Most hiking groups lead outings to the tops of mountains; Juneau’s Hidden History takes trips under them. Many of the group’s trips, which are orchestrated mainly through its Facebook group, are spent exploring abandoned mines and other relics from Alaska’s past. Brian Weed and several friends founded the group in 2014 when they were considering putting together a guidebook. “Juneau’s Hidden History kind of came about so people could get together and hang out,” Weed says. The guidebook never happened, but the group blossomed into a thriving community. 

The Facebook group now has about 14,000 members. And because Weed’s adventures since 2014 have taken him beyond Southeast he also launched a website—full of waypoints for his journeys—a YouTube channel, and an Instagram page all under the name Alaska’s Hidden History. Joe McCabe, one of the group’s original founders, says it’s been thrilling to watch the community grow. “It’s kind of crazy, man,” he says. 

Adam DiPietro, a transplant from the Midwest who spent his college years at Michigan Tech exploring copper mines, moved to Juneau in 2016 and started joining Juneau’s Hidden History expeditions.

“This group was kind of instrumental in me finding my niche,” he says. Now DiPietro organizes and leads outings. For a recent trip, he and a friend spent several days scouting a route into a mine, down several levels of tunnels, and out a separate opening. 

Once all the wooden bridges and ladders along the route were deemed safe, DiPietro led Juneauites who wanted to join on an hours-long journey underground.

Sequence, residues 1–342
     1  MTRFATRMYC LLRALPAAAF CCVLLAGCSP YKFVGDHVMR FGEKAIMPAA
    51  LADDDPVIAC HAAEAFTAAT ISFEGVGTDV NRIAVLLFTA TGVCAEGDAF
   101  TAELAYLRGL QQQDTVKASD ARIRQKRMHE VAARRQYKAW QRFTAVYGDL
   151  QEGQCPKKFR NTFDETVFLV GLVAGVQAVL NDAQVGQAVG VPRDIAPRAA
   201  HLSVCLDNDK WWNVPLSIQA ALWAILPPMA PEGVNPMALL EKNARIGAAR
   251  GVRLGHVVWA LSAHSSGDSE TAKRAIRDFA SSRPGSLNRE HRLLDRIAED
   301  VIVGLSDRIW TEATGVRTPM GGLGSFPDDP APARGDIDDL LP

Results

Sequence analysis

People stand in an ice cave with water
The Blue Room, 60 meters under the surface of Mendenhall Glacier. Photo courtesy Brian Weed.

Greg Taylor, the fifth generation in his family to live in southeast Alaska, met his wife while going on Juneau’s Hidden History hikes. The couple bonded on the outings and when they decided to get married, they took a helicopter onto Mendenhall Glacier and Brian Weed performed the ceremony. 

Follow along on Facebook and at alaskashiddenhistory.com to stay abreast of the next adventure. When Weed explores underground, he takes along a Nikon camera to document the hidden history and several remote flashes to light up big rooms. Anyone who follows the group will be treated to some enticing adventure photography. “We have some of the largest abandoned mines in the world here in Alaska,” Weed says.


Alexander Deedy formerly worked as the assistant editor and digital content manager for Alaska magazine.

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